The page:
- To shorten computation time no ISF reference is used.
              Sucrose can be used as a ISF reference.
	- Sucrose and Serotonin PSg are equal.
	Capillary heterogeneity is taken into account. 
	- This is done by creating separate paths and assigning a relative mass to each, 
	- creating a simple probabilty density function based on flow (Fp).
	- Currently, seven (7) paths used.
	- Example paths for first curve (CMpaaa(t,x)): CMpaa1(t,x), CMpab1(t,x), CMpac1(t,x)
	- Path flows are relative to average plasma flow.

	Constant infusion:
	- Model can accomadate constant infusion of Mother substrate into system.
	- At time t.min the arteriol has a concentration of CMpaaa_init.
	- WHen a bolus is injected then at x1.min = Cin + CMpaaa_init.
	- Can have three different infusion rates, one for each curve.
	- Assumption: THere is no uptake of Mother in Arteriols.
	- Note: if just want whole system at a const Mother(5-HT) conc then modify the BCs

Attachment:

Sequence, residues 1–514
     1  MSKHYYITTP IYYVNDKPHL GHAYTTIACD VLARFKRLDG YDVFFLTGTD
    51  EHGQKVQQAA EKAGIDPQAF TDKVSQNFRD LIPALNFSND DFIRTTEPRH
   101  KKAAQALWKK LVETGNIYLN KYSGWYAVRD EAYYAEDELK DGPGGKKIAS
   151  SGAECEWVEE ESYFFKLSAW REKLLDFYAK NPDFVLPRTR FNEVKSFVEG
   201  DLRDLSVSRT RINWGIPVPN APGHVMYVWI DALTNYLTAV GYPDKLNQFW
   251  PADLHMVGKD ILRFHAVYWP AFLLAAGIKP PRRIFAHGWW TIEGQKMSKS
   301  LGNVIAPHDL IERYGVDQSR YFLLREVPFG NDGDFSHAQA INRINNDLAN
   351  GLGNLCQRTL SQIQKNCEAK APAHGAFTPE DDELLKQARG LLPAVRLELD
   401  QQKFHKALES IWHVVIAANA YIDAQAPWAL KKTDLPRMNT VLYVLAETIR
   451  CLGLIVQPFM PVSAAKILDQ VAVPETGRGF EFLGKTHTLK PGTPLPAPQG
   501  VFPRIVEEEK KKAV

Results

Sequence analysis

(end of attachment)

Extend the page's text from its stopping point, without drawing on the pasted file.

- so that:  when (t=t.min) { CMvaa1  = 0; }   becomes:
	- 	when (t=t.min) { CMvaa1  = CMpaaa_init; }, etc...


The equations for this model may be viewed by running the JSim model applet and clicking on the Source tab at the bottom left of JSim's Run Time graphical user interface. The equations are written in JSim's Mathematical Modeling Language (MML). See the Introduction to MML and the MML Reference Manual. Additional documentation for MML can be found by using the search option at the Physiome home page.

Materials and Methods



The Blood tissue exchange model and equations:


Figure 1. Diagram of a four region blood tissue exchange (Bassingthwaighte 1989).Dec, Disf, and Dpc are zero. Gp and Gisf are zero.


Figure 1 shows a diagram of the four region model. The four regions are described by the following four equations:






, and